Baez's bat generates buzz around Cubs' camp
MESA, Ariz. -- Cubs manager Rick Renteria wasn't surprised that Javier Baez's left ankle hurt when he fouled a ball off it on Wednesday.
"I was saying to him, 'If the ball came off the bat like a normal human being's ball comes off the bat, you would've been OK,'" Renteria said Thursday, "'But since yours comes off like a bullet train, I would've gone down, too.'"
Baez lay on the ground for a few seconds, but stayed in the game. In his next at-bat, he hit an opposite-field home run. Guess he was feeling OK.
"That was a great at-bat," Renteria said of the home run in the Cubs' loss to the Rockies. "Once he got to two strikes, the approach is significantly important. Most times, guys like Javy still want to drive the ball, but he's capable of driving the ball to any part of the ballpark."
It's all part of the development process for Baez, who will open the 2014 season at shortstop for Triple-A Iowa. He's been working at second and third as well in early sessions with coach Gary Jones, and Renteria said they will start Baez in a game at one of those positions soon.
The Cubs' top prospect, Baez has been the center of attention this spring.
"It's great -- great for Javy, great for the Cubs," Renteria said. "He's an exciting player, as you guys all have seen. It's not like you can hide it."
And he does hit the ball hard, which is why Renteria cringed a little when he saw Baez on the ground after the foul ball.
"When he went down, I didn't know if it was his foot or shin," Renteria said. "I just know the ball comes off his bat hot and it must have hurt wherever it hit."
Renteria optimistic about Soler's progress
GOODYEAR, Ariz. -- Jorge Soler was hitless in five Cactus League at-bats but Cubs manager Rick Renteria has seen a lot of positives from the Cuban outfielder in practice.
"I go to the back field to watch him work, and he's very diligent in his batting practice and in the outfield," Renteria said of Soler, limited to 55 games after suffering a fractured left shin in June. "His routes are clean. He's a good looking outfielder and obviously, a good looking athlete and potentially he looks like he'll be a really good hitter."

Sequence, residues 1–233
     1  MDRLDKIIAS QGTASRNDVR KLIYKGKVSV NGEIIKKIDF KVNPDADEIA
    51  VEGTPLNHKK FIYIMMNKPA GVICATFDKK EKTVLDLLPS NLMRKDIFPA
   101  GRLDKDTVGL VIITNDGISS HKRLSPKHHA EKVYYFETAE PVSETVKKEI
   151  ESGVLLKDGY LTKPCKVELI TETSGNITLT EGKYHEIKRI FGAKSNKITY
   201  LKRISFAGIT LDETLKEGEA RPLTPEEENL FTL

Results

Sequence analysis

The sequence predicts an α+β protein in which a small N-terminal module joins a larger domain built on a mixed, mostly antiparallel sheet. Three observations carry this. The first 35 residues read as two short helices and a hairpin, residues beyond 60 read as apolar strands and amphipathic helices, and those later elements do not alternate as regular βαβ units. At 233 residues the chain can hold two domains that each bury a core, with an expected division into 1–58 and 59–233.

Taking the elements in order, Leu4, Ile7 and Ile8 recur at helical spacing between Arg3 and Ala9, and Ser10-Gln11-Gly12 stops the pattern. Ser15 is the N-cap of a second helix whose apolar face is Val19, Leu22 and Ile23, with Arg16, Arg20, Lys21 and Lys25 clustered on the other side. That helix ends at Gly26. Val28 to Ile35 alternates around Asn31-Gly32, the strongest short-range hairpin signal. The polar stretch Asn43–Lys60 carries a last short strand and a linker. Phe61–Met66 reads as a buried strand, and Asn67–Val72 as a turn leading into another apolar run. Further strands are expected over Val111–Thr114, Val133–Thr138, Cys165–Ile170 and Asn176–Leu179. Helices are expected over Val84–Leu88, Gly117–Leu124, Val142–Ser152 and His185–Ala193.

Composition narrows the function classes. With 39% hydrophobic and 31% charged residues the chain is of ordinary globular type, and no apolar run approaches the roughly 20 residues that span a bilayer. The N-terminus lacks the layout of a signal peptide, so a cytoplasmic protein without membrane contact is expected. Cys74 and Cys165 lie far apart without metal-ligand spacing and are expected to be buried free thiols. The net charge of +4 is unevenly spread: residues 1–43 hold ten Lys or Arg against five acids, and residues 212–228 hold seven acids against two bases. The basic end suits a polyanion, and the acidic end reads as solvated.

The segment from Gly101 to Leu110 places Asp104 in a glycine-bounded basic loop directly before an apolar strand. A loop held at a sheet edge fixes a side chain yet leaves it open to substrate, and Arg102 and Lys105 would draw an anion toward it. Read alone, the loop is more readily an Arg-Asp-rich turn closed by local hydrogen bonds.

Soler, 22, batted .281 with Class A Daytona last season before he was injured and then played in the Arizona Fall League. Renteria isn't concerned with what the outfielder's final numbers are this spring.
"The victories we try to gain in terms of when we're watching is to see how their approach is at the plate," he said. "Obviously, everybody wants positive end results but if their at-bats are coming together where you see them swinging at good pitches and taking bad ones and working at-bats through that process, then I think there are things to be excited about.
"There are days when they're not going to have good at-bats," he said. "You talk about those and what were the approaches and the thinking that went into that approach."
• Cubs reliever James Russell, who has yet to get into a Cactus League game because of some discomfort in his left arm, was scheduled to throw a bullpen session on Friday and could be in action next week.
Russell, who has appeared in more than 70 games each of the last two seasons, was going through a "dead arm" phase, Renteria said.
• Shortstop Starlin Castro is continuing to make progress in his rehab from a mild right hamstring strain. Castro, who was injured last Sunday, was expected to be sidelined seven to 10 days. He's been receiving treatment all day at the Cubs' complex.
• The Cubs will play split-squad games on Friday with James McDonald getting his first Cactus League start against the Angels in Tempe, Ariz., and Edwin Jackson starting in Mesa against the Indians. The Cubs-Angels game is another test of the new instant replay system available to managers. However, Renteria will be in Mesa.
Carrie Muskat is a reporter for MLB.com. She writes a blog, Muskat Ramblings, and you can follow her on Twitter @CarrieMuskat. This story was not subject to the approval of Major League Baseball or its clubs.